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PLoS One. 2017 Jul 6;12(7):e0179419. doi: 10.1371/journal.pone.0179419. eCollection 2017.

Computer algorithms for automated detection and analysis of local Ca2+ releases in spontaneously beating cardiac pacemaker cells.

Author information

Laboratory of Cardiovascular Science, NIA/NIH, Baltimore, Maryland, United States of America.
Farncombe Institute, McMaster University, Hamilton, Ontario, Canada.
Division of Cardiovascular Sciences, University of Manchester, Manchester, United Kingdom.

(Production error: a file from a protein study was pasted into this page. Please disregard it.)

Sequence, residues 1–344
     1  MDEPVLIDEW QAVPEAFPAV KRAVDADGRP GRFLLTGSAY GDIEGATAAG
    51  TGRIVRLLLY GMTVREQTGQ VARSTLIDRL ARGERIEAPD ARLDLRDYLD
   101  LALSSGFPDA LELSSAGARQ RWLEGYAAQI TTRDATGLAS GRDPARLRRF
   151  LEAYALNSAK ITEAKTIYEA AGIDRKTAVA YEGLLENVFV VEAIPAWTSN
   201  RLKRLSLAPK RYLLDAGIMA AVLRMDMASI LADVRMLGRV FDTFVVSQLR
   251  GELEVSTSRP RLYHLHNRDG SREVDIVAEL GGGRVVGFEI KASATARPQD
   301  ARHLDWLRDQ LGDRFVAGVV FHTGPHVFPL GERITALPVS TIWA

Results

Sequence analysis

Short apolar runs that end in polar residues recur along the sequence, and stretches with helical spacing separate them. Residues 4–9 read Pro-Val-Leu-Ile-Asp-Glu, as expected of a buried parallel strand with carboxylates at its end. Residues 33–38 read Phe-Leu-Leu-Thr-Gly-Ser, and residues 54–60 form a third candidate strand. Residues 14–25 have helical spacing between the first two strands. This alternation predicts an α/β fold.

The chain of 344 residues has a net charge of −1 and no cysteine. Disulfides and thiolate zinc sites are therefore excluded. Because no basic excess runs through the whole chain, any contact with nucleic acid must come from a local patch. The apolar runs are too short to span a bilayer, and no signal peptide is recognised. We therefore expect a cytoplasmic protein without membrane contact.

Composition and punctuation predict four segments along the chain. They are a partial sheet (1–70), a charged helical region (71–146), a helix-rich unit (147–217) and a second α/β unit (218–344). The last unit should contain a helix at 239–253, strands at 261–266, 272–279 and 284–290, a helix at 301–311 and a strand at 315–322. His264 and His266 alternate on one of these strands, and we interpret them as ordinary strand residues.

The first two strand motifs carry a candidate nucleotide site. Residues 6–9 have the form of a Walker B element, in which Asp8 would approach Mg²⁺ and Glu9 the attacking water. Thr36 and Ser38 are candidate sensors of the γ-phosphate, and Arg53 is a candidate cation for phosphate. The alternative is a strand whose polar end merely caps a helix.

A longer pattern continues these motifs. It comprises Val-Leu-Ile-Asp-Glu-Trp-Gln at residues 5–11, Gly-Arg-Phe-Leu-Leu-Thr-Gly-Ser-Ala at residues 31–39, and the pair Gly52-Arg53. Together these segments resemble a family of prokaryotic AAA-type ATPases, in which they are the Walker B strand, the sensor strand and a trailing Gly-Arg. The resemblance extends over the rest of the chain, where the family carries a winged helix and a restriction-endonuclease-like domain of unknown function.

Local Ca2+ Releases (LCRs) are crucial events involved in cardiac pacemaker cell function. However, specific algorithms for automatic LCR detection and analysis have not been developed in live, spontaneously beating pacemaker cells. In the present study we measured LCRs using a high-speed 2D-camera in spontaneously contracting sinoatrial (SA) node cells isolated from rabbit and guinea pig and developed a new algorithm capable of detecting and analyzing the LCRs spatially in two-dimensions, and in time. Our algorithm tracks points along the midline of the contracting cell. It uses these points as a coordinate system for affine transform, producing a transformed image series where the cell does not contract. Action potential-induced Ca2+ transients and LCRs were thereafter isolated from recording noise by applying a series of spatial filters. The LCR birth and death events were detected by a differential (frame-to-frame) sensitivity algorithm applied to each pixel (cell location). An LCR was detected when its signal changes sufficiently quickly within a sufficiently large area. The LCR is considered to have died when its amplitude decays substantially, or when it merges into the rising whole cell Ca2+ transient. Ultimately, our algorithm provides major LCR parameters such as period, signal mass, duration, and propagation path area. As the LCRs propagate within live cells, the algorithm identifies splitting and merging behaviors, indicating the importance of locally propagating Ca2+-induced-Ca2+-release for the fate of LCRs and for generating a powerful ensemble Ca2+ signal. Thus, our new computer algorithms eliminate motion artifacts and detect 2D local spatiotemporal events from recording noise and global signals. While the algorithms were developed to detect LCRs in sinoatrial nodal cells, they have the potential to be used in other applications in biophysics and cell physiology, for example, to detect Ca2+ wavelets (abortive waves), sparks and embers in muscle cells and Ca2+ puffs and syntillas in neurons.

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